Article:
Critical Mass

What I’m Reading…


No rest for the weary critic. As I move swiftly into the 2008 publications, it’s both an exciting and a daunting task to confront the growing stacks of books in my studio. The following is an extremely abbreviated list of stand-out titles that I’m reading/ evaluating/ paging through at the moment:

Names on a Map, Benjamin Alire Sáenz.

I reviewed Sáenz’s last two novels, In Perfect Light and Sammy and Juliana in Hollywood, and his last poetry collection, Dreaming the End War, so needless to say I’m a huge follower of this Chicano writer’s works. The last two titles stemmed from a pacifist’s sensibility—political and profound without being preachy. This new novel, set during the Vietnam War, is a multiple-character point of view narrative that tells the sobering tale of the Espejo family. Though they live in El Paso, Texas, the Espejos, who watch the war plunder the young men from their community, must contend with the aftershocks of a conflict on the other side of the world.

Ghosts of El Grullo, Patricia Santana.

Yolanda Sahagún, the young protagonist of Santana’s award-winning debut novel, Motorcycle Ride on the Sea of Tranquility, is now off to college. But she quickly learns that her education must extend beyond the dusty library stacks and the occasional trip to the museum. As she’s exposed to different ways of thought, and as her frame of reference expands, she must re-imagine her place within the intensifying identity politics of 1970s American culture and society. This novel is of particular significance since it’s one of the few to map out a college student’s awakening consciousness in Southern California’s Movimiento era.

Blood Ties & Brown Liquor, Sean Hill.

Hill’s debut collection of poems is an ambitious project: an invented history of six generations of the Wright family from the town of Milledgeville, Georgia. An African-American bloodline, the Wrights bear witness to race and class relations in the changing and staunchly unchanging Southern landscape. The heart of this family tree is Silas Wright, who has come to realize that the biggest threat to his birthright is forgetting. So he fights it by keeping memory sacred: “The house I was born in still stands.”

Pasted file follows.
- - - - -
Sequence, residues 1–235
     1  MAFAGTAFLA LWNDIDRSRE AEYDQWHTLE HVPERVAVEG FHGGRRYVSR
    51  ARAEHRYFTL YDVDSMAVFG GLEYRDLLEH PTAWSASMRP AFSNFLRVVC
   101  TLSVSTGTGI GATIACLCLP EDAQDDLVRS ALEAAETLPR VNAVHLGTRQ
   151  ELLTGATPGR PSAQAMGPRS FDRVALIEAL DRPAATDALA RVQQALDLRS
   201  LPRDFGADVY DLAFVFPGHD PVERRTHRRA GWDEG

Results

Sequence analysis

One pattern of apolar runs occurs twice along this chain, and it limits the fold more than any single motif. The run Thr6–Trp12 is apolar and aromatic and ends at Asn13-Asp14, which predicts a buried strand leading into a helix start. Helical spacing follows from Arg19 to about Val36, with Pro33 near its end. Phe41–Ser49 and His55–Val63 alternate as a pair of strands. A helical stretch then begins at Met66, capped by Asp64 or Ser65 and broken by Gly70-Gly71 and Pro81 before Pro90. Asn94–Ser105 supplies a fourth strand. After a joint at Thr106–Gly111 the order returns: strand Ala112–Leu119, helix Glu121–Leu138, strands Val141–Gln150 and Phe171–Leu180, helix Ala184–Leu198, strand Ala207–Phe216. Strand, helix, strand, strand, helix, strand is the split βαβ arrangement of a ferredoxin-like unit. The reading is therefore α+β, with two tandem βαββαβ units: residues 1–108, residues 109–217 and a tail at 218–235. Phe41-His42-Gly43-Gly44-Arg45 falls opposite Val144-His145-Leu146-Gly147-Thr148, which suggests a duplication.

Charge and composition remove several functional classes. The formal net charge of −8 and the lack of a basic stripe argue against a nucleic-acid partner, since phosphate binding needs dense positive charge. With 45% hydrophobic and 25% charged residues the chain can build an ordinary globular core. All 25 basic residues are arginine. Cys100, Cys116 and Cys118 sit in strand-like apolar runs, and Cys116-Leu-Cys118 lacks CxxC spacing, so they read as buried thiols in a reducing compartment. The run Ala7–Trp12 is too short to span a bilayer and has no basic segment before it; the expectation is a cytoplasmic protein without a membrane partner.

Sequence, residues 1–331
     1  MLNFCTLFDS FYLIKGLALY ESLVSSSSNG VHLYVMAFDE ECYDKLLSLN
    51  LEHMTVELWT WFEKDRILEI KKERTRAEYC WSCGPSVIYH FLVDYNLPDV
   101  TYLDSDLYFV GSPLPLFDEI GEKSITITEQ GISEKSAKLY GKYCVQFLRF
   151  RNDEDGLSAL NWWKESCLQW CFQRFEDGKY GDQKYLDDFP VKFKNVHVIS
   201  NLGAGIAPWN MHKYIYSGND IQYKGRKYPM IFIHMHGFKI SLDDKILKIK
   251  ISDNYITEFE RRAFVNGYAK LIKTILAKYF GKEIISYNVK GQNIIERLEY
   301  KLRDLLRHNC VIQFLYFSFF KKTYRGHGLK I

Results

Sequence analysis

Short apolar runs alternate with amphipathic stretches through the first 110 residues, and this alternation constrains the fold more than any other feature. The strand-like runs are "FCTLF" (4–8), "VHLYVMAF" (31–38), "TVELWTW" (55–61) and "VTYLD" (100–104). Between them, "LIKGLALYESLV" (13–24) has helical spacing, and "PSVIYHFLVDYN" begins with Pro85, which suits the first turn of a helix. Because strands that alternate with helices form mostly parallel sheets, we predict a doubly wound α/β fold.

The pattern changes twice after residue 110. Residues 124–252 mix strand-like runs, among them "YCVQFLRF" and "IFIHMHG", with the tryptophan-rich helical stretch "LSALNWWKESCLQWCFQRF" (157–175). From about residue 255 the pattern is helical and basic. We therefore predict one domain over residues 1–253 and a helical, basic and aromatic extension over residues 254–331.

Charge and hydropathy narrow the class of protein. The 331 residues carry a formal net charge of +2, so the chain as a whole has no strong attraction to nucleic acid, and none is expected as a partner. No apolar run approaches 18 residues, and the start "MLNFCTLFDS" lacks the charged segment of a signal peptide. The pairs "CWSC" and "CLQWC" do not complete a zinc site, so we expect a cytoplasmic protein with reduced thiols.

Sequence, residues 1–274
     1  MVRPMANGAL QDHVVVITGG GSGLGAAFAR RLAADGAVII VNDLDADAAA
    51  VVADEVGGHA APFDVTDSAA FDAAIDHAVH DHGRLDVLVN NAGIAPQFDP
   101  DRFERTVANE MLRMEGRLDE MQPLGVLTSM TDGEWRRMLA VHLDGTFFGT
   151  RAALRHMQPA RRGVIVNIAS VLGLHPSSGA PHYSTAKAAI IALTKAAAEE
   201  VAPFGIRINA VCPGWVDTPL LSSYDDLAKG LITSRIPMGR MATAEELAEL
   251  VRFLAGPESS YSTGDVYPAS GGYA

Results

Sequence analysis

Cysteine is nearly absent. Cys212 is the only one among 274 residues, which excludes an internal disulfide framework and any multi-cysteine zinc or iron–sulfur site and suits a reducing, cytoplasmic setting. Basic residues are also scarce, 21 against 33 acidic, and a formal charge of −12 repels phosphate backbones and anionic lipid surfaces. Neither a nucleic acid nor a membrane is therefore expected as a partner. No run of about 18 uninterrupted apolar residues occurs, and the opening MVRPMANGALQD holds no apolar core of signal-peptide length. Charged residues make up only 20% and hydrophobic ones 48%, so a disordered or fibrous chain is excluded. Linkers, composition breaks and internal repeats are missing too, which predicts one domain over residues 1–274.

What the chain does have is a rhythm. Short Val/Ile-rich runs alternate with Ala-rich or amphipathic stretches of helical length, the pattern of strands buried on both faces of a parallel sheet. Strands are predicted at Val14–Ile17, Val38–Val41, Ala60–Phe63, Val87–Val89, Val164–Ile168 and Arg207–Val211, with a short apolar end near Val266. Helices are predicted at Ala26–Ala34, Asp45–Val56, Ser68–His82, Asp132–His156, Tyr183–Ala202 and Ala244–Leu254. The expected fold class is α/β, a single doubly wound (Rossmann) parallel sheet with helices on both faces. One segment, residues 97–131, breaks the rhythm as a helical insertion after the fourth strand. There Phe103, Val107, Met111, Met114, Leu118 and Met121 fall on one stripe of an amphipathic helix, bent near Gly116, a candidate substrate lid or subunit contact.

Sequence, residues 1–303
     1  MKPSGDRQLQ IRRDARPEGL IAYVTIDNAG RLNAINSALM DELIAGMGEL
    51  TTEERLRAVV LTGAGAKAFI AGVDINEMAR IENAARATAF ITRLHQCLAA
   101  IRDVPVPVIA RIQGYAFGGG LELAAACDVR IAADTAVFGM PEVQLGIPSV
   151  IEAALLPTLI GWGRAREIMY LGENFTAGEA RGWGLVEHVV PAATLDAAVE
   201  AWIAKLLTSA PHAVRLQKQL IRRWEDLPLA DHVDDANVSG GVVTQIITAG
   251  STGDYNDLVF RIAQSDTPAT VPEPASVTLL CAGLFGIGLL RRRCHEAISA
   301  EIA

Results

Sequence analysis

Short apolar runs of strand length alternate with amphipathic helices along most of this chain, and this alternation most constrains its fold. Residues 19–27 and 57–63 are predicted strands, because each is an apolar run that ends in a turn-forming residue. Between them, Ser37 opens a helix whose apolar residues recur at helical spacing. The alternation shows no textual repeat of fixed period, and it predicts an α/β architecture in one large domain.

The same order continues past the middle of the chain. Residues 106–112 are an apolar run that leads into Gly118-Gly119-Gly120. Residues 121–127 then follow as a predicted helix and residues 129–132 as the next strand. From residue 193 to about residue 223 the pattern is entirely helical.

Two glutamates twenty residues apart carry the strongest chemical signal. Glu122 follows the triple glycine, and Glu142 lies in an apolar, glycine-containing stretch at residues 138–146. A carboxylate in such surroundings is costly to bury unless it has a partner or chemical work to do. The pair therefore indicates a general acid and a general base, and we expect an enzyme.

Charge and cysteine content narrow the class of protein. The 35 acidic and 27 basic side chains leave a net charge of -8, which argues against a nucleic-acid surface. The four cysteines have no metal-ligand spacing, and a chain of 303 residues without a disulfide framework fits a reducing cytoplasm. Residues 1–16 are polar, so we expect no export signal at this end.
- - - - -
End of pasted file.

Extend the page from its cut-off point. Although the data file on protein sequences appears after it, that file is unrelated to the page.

Hallelujah Blackout, Alex Lemon.

Lemon garnered plenty of buzz after the release of his first book, Mosquito. This second collection, clocking in at 144 pages, is a hefty follow-up, but with his trademark energy and knack for his stark and startling imagery (“Be stunned/ the dark hymns/ In this dollhouse”). As the title suggests, the tone navigates between the songs of spiritual passion and the keening of solemn reflection as the speaker comes to grips with mortality, heartbreak, and the everyday shadows of life. “Abracadaver,” indeed.

When the Ground Turns in Its Sleep, Sylvia Sellers-García.

The Art of Political Murder, Francisco Goldman’s nonfiction account of the inquiry into the assassination of Bishop Gerardi in Guatemala City, gave readers a valuable history lesson about this conflict-ridden Central American country. Sellers-García offers a more intimate, fictional narrative in her debut novel about a young man’s journey to his family’s homeland in order to situate his personal history within the country’s troubled one. But his role as a seeker of the truth moves beyond his immediate goal: he’s mistaken for a priest and is asked to provide solace and orientation to the broken citizens of the community that he was expecting would do the same for him. 

Rigoberto González, NBBC Board Member